How to Save Dying Purple Fountain Grass


Pennisetum setaceum 'Rubrum' or purple fountain grass is a very attractive ornamental grass. It is sold as a perennial in many nurseries, but it is not winter hardy. It should be a considered tropical plant and grown as an annual in areas that have cold winters. In mild winter areas, purple fountain grass will survive the winter outdoors. Grasses like full sun and well-drained soil. If your plant is dying, it is either planted in an area that got too cold in winter, or it is not getting enough sun, or the right amount of water.

Step 1

Prune back the grass plant leaving a little green growth of if there is some.

Step 2

Dig carefully around the roots and remove the plant from the soil. Try not to break the thicker roots as you loosen the soil.

Step 3

Look for healthy roots. If the root ball is dry and the roots are shallow and thread-like, the fountain grass is not getting enough water and the soil is too heavy for the roots to spread.

Step 4

Gently remove loose soil from the roots and place the plant in a container with at least 3 inches of potting soil in the bottom. Water thoroughly and allow the pot to drain.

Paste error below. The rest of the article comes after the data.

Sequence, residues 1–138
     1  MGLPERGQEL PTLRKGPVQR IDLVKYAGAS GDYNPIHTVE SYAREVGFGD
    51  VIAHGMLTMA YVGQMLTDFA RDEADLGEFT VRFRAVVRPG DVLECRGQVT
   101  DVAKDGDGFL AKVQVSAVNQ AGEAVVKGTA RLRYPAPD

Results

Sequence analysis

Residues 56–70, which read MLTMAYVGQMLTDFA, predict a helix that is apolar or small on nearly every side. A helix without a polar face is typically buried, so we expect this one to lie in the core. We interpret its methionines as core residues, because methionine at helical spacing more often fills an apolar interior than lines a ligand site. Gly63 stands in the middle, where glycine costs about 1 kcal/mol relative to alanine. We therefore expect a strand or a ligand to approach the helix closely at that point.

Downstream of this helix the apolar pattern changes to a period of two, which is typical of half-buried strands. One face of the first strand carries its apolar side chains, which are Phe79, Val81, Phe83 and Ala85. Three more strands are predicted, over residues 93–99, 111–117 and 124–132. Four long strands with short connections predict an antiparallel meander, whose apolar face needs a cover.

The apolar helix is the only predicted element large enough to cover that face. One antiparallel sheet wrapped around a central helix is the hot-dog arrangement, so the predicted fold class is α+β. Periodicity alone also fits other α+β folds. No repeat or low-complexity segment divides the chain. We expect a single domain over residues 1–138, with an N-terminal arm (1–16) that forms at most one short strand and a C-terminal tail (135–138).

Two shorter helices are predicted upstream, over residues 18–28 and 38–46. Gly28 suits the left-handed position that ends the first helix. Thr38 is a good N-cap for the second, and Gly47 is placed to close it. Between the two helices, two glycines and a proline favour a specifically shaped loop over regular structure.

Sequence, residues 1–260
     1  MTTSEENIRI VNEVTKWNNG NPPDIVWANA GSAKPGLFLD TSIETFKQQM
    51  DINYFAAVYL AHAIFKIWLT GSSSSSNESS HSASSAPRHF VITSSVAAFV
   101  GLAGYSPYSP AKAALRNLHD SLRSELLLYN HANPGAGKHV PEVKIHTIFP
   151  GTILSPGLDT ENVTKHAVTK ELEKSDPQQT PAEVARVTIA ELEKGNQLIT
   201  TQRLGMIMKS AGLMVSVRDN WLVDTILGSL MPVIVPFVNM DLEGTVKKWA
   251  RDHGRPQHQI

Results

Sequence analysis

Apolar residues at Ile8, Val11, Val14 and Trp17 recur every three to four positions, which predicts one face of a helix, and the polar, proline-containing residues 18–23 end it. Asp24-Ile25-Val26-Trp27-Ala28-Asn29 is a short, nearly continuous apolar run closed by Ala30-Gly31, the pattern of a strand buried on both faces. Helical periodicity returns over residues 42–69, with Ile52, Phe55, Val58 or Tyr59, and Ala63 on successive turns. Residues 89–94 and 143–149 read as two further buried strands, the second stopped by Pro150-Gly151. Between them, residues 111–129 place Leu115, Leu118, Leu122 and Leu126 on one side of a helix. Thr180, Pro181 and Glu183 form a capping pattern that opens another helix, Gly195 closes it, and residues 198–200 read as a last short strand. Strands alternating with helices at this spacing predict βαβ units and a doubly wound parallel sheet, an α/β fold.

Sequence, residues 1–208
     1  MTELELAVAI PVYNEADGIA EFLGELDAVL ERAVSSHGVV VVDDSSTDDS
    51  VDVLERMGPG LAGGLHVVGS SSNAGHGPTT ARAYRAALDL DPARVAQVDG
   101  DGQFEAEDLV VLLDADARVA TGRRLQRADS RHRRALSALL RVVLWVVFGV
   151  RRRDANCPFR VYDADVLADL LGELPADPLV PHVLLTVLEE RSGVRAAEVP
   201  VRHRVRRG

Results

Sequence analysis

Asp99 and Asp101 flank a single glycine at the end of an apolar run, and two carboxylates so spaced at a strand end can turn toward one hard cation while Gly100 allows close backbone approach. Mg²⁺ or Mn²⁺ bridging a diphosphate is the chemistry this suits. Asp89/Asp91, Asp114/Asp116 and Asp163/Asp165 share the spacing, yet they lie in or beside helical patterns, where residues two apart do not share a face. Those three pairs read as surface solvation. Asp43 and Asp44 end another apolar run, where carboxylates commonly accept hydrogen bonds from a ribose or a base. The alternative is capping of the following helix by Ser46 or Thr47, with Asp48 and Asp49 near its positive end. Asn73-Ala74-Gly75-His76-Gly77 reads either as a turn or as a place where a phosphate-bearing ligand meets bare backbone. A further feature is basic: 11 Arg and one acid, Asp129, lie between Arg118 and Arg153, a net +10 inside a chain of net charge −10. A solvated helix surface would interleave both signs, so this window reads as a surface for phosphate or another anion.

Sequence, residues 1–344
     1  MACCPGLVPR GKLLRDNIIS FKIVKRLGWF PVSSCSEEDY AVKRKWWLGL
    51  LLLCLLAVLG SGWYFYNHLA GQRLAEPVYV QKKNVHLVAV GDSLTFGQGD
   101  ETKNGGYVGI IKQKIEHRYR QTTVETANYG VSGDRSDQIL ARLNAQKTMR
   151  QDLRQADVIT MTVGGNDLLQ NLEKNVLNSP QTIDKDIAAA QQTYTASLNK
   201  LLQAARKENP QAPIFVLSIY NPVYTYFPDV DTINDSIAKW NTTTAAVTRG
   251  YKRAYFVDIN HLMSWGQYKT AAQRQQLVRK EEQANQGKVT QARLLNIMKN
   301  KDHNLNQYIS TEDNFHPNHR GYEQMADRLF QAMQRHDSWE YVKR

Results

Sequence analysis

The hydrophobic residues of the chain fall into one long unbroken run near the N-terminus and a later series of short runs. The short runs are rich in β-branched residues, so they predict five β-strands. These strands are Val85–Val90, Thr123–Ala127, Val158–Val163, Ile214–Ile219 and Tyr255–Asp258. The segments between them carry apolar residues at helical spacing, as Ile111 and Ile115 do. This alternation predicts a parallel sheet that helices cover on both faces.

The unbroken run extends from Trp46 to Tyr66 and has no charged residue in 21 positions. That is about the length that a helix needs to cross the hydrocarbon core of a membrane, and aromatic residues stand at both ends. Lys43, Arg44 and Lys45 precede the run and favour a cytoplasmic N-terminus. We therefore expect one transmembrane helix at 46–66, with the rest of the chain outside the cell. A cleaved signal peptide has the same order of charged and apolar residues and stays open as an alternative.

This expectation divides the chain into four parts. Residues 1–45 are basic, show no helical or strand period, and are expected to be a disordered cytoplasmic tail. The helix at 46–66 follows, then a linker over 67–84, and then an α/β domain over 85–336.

Step 5

Fill the container with soil, water again and place your fountain grass in a sunny location. Water regularly and watch for new growth.

Tips and Warnings

  • On the USDA Invasive and Noxious Weeds List, Pennisetum setaceum is included as an invasive species in Hawaii.

Things You'll Need

  • Purple fountain grass plant
  • Pruning shears
  • Shovel
  • Container large enough for the plant (drainage holes essential)
  • Potting soil


  • Fine Gardening Magazine: Purple Fountain Grass
  • USDA Invasive and Noxious Weeds List
  • Sunset Magazine: Purple Fountain Grass
Keywords: Pennisetum setaceum 'Rubrum', purple fountain grass, ornamental grasses

About this Author

Kathleen Sonntag lives in Carmel, California, where she is a writer, teacher and editor. She is a Master Gardener and writes articles for gardening publications. Sonntag has written and edited reading test passages and has edited children's books, cookbooks and memoirs. Her articles appear on Sonntag holds a Bachelor of Arts from University of California, Berkeley.